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Leadership race shows why diversity matters

29 July 2022

The Conservatives’ move away from ‘pale and stale’ white leaders is an example the C of E should follow, argues Brunel James

THE contest to become the next leader of the Conservative Party suggests that the fall of Boris Johnson has profoundly affected the nation’s idea of what a good leader looks like.

I would argue that Mr Johnson has provided such an exaggerated stereotype of the worst kind of entitled male leadership that, as a consequence, no white male candidate has been able to make it into the last four of the process to replace him.

Mr Johnson carried the toxic behaviours of his “Bullingdon Club” days into high office, and now the Conservative Party has collectively decided to shift its leadership model to reflect more closely a society that does genuinely value fairness and diversity.

The initial field of eight contenders in the Tory leadership ballot was noticeably diverse, with only two white men in contention: Jeremy Hunt and Tom Tugendhat. It seems, however, that the prospect of more white male leadership did not appeal to Conservative MPs: Mr Hunt was the first to be eliminated, with less than 20 votes, and Mr Tugendhat crashed out in the third round with less than 40.

The lesson here is clear, I would suggest: Tory MPs, anxious about facing the country in a General Election after the horrors of the Johnson years, wish to do so with “anything but” a “pale and stale” white man as their leader.

THIS matters to the Church of England. Historically, our most senior appointments have tended to track the prevailing secular leadership trend.

When the Conservatives decided, in 1990, that they needed a man from a humble background who had risen by his own merits to become PM, they promoted John Major, who had served a short term as Chancellor of the Exchequer. Likewise, in 1991, the C of E passed over the experienced Old Etonian, John Habgood, for nomination as Archbishop of Canterbury, instead putting forward George Carey, who had not long been Bishop of Bath & Wells, but who had “man of the people” credentials.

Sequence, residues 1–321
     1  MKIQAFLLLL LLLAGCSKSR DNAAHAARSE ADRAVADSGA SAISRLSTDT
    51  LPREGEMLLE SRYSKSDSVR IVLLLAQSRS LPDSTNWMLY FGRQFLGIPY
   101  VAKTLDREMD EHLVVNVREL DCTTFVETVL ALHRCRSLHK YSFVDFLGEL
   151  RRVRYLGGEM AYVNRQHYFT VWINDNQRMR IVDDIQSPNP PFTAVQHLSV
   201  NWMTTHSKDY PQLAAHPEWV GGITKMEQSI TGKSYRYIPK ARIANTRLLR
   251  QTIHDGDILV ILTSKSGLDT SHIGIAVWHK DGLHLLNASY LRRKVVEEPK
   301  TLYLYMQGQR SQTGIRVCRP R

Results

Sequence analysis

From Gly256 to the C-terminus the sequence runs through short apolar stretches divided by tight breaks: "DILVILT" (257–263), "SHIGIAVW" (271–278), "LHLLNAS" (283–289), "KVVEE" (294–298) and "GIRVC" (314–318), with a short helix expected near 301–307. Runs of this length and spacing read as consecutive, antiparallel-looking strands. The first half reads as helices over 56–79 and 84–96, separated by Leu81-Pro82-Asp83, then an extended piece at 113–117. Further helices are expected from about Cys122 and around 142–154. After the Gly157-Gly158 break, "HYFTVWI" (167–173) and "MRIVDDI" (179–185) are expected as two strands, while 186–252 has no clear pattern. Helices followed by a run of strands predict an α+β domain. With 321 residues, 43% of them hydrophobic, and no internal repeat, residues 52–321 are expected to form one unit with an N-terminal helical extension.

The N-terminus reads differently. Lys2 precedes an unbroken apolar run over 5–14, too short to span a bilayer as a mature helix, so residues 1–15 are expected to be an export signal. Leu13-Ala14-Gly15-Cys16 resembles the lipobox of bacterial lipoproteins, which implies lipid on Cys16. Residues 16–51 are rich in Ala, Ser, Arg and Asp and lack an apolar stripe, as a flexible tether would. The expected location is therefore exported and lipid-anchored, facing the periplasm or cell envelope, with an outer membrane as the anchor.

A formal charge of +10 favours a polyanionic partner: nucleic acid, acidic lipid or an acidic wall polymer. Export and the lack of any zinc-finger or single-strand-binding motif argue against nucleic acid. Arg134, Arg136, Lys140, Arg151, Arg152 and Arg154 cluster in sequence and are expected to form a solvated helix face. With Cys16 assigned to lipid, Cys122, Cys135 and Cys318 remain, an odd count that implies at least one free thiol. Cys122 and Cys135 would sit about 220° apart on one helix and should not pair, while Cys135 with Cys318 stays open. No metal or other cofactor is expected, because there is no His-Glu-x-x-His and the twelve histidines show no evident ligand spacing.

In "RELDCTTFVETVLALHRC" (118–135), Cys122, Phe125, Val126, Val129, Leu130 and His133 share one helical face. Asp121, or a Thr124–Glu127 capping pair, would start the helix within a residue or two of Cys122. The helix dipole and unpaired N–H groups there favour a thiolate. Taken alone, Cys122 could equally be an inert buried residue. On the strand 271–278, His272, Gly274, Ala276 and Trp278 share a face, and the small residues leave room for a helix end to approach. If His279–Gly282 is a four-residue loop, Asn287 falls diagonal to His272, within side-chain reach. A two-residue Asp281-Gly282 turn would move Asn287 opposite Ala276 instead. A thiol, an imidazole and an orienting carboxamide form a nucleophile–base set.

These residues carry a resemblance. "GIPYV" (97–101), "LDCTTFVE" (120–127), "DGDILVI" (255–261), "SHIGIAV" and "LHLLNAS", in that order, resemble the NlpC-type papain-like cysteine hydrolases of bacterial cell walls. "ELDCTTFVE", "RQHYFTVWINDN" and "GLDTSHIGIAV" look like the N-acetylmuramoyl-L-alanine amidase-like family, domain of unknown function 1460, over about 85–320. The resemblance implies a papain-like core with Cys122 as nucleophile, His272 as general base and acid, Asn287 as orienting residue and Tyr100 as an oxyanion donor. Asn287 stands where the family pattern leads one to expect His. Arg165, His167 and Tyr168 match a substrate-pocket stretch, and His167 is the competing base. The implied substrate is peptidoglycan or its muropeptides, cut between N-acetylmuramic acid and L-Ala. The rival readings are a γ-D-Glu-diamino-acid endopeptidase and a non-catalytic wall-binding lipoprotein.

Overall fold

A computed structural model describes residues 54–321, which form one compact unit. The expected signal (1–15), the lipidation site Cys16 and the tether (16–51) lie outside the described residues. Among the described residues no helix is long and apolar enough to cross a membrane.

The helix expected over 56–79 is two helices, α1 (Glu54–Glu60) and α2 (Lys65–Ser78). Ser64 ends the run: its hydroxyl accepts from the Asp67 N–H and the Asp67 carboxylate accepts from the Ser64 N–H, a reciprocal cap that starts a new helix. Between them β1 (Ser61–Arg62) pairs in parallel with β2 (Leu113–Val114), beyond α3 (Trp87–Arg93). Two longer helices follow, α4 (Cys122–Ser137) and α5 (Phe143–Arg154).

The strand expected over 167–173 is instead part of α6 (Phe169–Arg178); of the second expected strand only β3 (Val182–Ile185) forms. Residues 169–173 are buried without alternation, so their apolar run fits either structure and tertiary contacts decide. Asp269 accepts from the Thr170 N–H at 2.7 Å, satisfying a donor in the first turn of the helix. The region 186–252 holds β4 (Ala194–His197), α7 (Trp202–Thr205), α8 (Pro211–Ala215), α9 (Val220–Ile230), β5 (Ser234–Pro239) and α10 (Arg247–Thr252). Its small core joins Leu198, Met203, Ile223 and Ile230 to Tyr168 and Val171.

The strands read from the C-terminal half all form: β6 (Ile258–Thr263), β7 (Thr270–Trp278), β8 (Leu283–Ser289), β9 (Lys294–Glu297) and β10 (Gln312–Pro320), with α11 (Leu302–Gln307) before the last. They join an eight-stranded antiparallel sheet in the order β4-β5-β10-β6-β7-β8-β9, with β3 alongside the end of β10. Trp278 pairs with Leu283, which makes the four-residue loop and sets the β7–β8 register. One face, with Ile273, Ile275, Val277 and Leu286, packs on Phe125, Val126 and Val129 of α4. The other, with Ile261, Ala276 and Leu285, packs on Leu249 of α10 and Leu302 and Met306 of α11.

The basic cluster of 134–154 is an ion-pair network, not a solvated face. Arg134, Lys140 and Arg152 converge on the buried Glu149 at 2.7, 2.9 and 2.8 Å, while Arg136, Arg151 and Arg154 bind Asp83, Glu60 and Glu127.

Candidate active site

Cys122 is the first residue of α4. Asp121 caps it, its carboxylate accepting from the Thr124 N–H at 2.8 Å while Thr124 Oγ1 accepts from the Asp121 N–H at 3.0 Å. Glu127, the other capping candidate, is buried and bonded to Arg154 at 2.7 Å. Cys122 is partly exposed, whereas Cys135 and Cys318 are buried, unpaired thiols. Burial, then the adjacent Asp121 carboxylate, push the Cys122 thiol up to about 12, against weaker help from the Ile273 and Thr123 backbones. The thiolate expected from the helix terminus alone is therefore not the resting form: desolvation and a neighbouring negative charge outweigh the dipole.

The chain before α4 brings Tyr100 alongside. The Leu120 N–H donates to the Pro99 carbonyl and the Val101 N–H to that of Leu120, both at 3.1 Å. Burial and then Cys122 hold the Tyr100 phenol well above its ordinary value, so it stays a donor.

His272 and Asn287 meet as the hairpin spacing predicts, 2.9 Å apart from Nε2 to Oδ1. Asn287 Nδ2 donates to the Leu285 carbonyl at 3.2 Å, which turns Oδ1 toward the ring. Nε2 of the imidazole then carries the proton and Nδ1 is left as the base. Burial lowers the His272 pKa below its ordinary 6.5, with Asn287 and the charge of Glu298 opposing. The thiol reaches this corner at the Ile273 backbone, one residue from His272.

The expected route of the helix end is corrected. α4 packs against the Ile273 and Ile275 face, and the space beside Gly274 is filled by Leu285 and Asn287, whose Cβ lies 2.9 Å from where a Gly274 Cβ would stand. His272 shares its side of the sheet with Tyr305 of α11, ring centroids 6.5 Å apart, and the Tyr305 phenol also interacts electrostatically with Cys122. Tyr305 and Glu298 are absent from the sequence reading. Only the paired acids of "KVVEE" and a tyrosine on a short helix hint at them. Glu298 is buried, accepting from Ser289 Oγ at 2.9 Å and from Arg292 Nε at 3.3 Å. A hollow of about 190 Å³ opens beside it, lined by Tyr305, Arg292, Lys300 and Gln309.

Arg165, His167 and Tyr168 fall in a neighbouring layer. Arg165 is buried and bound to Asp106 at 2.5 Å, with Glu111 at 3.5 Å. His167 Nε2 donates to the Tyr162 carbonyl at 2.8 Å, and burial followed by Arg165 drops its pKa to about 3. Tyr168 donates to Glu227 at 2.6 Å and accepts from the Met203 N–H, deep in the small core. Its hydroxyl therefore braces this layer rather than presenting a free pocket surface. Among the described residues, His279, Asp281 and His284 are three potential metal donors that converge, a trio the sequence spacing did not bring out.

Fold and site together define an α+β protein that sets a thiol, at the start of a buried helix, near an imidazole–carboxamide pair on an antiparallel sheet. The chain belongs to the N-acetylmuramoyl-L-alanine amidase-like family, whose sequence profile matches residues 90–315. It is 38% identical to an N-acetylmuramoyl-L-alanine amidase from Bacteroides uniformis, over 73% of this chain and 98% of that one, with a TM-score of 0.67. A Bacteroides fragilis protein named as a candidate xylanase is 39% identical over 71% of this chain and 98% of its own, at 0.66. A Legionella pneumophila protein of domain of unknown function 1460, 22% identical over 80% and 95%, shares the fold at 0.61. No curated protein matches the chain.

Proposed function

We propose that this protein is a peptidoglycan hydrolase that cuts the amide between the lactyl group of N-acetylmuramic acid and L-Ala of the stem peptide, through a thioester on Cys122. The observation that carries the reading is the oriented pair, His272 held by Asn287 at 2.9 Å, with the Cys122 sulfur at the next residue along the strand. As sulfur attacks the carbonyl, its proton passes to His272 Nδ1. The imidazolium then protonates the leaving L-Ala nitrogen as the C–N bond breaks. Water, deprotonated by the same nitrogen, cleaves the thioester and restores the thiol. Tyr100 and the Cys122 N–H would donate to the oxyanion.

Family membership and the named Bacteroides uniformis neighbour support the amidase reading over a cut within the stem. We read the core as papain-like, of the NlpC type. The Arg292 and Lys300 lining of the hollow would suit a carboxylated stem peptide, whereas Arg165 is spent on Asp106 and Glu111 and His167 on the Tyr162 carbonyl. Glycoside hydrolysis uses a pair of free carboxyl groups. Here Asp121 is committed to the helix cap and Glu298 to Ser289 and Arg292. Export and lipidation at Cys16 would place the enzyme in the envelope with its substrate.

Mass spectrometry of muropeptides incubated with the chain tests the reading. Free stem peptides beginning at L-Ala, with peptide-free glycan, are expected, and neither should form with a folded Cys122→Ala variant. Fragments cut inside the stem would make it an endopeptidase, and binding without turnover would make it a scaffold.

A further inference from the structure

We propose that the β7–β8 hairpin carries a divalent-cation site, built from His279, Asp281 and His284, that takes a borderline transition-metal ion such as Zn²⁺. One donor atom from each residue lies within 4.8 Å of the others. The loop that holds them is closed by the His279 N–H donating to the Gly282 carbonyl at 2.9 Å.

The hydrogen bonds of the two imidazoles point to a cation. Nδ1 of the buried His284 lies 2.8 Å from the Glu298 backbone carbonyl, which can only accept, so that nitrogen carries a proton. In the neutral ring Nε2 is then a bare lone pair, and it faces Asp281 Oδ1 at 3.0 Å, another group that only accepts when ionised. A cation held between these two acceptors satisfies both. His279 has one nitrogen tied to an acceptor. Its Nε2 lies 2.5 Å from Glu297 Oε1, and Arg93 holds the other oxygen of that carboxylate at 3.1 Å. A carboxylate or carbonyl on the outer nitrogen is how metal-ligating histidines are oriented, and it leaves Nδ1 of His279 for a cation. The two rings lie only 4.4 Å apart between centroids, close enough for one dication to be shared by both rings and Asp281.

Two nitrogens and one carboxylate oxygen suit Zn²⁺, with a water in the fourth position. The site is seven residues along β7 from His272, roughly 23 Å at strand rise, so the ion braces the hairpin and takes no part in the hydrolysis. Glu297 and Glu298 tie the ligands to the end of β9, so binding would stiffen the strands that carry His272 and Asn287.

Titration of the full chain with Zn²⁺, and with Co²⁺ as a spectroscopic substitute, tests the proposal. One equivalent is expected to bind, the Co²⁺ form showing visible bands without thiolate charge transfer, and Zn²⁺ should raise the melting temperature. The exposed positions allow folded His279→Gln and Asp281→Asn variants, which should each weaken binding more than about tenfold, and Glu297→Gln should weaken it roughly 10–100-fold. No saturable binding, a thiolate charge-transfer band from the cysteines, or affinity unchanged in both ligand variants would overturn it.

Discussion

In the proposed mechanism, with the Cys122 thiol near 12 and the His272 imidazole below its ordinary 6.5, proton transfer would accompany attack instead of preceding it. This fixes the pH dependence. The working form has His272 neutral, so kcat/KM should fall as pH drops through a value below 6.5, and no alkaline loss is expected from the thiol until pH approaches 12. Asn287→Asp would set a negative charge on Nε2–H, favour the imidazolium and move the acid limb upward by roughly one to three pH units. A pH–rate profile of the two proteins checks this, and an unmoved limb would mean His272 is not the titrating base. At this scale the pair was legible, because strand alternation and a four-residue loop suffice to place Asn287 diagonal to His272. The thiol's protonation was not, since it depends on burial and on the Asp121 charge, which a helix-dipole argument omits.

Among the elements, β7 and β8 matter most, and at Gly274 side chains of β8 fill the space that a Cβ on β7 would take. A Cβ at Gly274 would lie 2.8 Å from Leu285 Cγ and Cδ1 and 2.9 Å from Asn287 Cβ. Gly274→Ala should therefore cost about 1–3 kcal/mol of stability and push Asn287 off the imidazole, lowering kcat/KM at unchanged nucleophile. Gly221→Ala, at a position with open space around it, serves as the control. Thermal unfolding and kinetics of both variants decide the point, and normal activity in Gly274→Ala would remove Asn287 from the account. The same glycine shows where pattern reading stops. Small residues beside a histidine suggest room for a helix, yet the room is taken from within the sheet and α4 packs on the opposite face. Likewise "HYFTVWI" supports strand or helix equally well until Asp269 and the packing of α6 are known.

By 2005, the Tories decided it was “Okay to be posh again,” and elected the Old Etonian, David Cameron, as leader. When Mr Cameron become Prime Minister in 2010, the C of E again followed suit, appointing an Old Etonian but “relatable” Justin Welby as Archbishop of Canterbury in 2013.

So now, I would argue, the wheel has turned again: the trend going forward will be towards women and candidates of Global Majority Heritage. This is one of the things that I campaign for, as a member of the Windrush Group, and I believe that this is also what “the great British public” want. Tory MPs are simply putting forward the type of leader best placed to win the confidence of the nation after the scandals of the Johnson years.

There are already some signs that the Church of England has recognised the way in which things seem to be heading. The General Synod has decided to co-opt additional members with Global Majority Heritage, so that it can more fully represent the diverse membership of the Church of England (News, 26 November 2021). The Crown Nominations Commission (CNC) that will appoint the next Archbishop of Canterbury will have five members from the wider Anglican Communion, in order to reflect the post’s global reach (News, 15 July).

LAMENTABLY, the slowness of the Church of England to embrace the diversity of the population it serves and begin to generate a diverse leadership cohort at all levels means that our “pipeline” of candidates for high office is still overly dominated by white faces.

The ongoing Conservative leadership contest has revealed a Tory party that is actually well placed to discard a leadership cohort dominated by privileged white males and bring diverse candidates forward. Such was the breadth of talent available to them, there was no sense that they were having to compromise on underlying ideological choices in order to show a more diverse face for the party in their choice of a new leader.

The break-out candidate, Kemi Badenoch, finished in fourth place on an “anti woke” platform that surprised many outside the party with its vehemence. The contest surely revealed that, whichever Tory faction wished to assert itself, it could find a powerful champion, without turning to the traditional pool of white male leadership candidates.

This is not yet the case for the Church of England. Although we have a good range of senior female diocesan bishops in place, the process has only just begun for those with Global Majority Heritage. The consecration of the Revd Arun Arora as Bishop of Kirkstall, in the diocese of Leeds, on 15 July, is the latest in a steady trickle of appointments to Suffragan Bishoprics which are slowly increasing the diversity of the College of Bishops (News, 27 May). When the tide changes, however, it seems the Church of England is generally racing to catch up, rather than leading the way.

The Revd Brunel James is the Vicar of Cleckheaton, in the diocese of Leeds. He was a member of the Windrush Group on the last General Synod.

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